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3 Myths about Work, Money and Success

March 1, 2017

 

Spending time away from working in a traditional corporate setting has allowed me to debunk a few myths I used to believe when I was immersed in that space:

  • My salary = the value I bring (my worth)

  • Steady paycheck = security

  • A poor performance review rating = failure

 

Salary = Worth

 

I was raised in a community where people spoke about how much money others were making, where my elders expressed admiration for people who made high salaries. This environment shaped my belief that my worth is tied to how much money I make.

 

Subconsciously, I evaluated myself and others based on income, even though consciously I value people in giver professions – such as nurses and teachers, more than those in professions that typically command higher incomes.

 

When I left my corporate job and was making zero dollars, it was difficult to feel like the same person as when I’m making a good income. As I began to set fees for my services as a consultant and coach, it was hard not to equate my value to the fees I charged. 

 

A close friend of mine recently told me that he feels he is not creating much value at his six figure salaried job because of the dysfunction of the company. He is not the only person I know who spends a lot of time doing work that doesn’t create much meaningful value. At the same time, many people who create value – like caregivers, poets, artists, and social entrepreneurs, make little to no money. Salary does not equal value; net worth does not equal self-worth.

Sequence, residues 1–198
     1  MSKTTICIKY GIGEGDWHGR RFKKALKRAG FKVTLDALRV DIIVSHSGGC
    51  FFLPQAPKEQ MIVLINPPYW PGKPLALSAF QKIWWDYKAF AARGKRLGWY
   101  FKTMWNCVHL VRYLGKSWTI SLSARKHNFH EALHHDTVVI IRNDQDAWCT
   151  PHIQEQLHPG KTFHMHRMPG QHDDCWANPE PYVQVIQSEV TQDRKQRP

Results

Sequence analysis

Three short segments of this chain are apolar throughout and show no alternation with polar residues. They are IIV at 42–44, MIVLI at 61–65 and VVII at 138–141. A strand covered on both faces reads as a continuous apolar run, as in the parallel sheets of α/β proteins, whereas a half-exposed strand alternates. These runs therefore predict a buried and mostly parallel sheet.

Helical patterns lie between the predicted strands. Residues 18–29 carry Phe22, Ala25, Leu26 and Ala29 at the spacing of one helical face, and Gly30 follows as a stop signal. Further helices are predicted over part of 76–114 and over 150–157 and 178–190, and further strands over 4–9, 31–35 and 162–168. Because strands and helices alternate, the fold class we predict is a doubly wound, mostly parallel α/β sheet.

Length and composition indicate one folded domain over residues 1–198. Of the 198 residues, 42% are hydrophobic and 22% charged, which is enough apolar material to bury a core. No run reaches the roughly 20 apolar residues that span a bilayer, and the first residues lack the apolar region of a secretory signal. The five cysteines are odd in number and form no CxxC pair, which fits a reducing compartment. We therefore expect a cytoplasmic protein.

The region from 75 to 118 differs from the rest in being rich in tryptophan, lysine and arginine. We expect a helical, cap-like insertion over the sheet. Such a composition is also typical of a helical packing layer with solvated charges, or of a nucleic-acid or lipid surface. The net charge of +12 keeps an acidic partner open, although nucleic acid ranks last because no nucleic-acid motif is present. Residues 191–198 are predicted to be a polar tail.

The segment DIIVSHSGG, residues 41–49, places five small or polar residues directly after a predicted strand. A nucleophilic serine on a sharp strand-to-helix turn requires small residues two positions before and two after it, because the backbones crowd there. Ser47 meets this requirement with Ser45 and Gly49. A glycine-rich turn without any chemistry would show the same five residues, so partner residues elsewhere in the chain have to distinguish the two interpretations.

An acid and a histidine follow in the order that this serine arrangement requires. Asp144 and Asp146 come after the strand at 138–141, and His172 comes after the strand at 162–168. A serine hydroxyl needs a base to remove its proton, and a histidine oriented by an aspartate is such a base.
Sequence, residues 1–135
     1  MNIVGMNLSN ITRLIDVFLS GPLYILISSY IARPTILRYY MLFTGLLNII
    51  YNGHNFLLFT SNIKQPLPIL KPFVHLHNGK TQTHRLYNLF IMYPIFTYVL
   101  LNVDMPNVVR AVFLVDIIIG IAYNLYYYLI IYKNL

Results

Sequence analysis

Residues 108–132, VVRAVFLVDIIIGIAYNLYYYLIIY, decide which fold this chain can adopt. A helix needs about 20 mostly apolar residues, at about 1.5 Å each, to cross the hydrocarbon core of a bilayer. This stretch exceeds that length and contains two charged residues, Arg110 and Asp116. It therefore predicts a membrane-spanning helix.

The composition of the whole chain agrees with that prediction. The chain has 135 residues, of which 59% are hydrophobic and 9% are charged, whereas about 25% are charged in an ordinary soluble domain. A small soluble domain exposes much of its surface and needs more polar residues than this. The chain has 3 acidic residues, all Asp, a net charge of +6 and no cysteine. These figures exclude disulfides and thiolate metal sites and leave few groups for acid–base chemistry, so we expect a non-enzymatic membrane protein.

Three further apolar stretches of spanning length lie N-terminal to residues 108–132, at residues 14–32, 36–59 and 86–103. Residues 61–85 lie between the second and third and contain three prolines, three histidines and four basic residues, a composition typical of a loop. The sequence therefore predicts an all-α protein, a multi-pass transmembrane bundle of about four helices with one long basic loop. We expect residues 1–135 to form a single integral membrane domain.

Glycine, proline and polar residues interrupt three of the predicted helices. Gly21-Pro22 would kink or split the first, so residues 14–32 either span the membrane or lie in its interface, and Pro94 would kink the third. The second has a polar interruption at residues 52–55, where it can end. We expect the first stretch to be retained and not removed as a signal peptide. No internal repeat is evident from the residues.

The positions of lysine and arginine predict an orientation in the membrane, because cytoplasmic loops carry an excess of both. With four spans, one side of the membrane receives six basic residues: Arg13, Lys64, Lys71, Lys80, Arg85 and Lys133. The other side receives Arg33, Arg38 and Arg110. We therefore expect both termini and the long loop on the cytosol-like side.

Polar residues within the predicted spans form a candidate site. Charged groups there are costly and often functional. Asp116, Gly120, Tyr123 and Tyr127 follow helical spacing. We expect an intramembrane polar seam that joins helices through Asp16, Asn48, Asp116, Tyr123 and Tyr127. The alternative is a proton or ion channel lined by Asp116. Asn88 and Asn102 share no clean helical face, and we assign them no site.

Yet, why do so many of us think more or less of ourselves based on our salaries?

 

Paycheck from Top Company = Security for My Future

 

As I evaluated my career options upon graduating from college (and again from graduate school), I automatically favored well paid jobs from top ranking companies on Fortune’s “Best places to work” list.  My decision to join companies like Disney, Starbucks and Boston Consulting Group was a no-brainer. These were the jobs that people wanted; the jobs that would secure my future.

 

I clearly remember the moment when I got an offer from one of these companies, and was considering whether or not to join the team. The recruiter said, “Jennie, we do not knock on many doors. When we knock, you answer.”

 

 

After joining these top firms, I trusted that these types of companies would take care of and develop me as long as I put in my best work and delivered on the expectations. I counted my blessings for the opportunity. I admired my coworkers who maintained long tenure and found success in working their way up the company.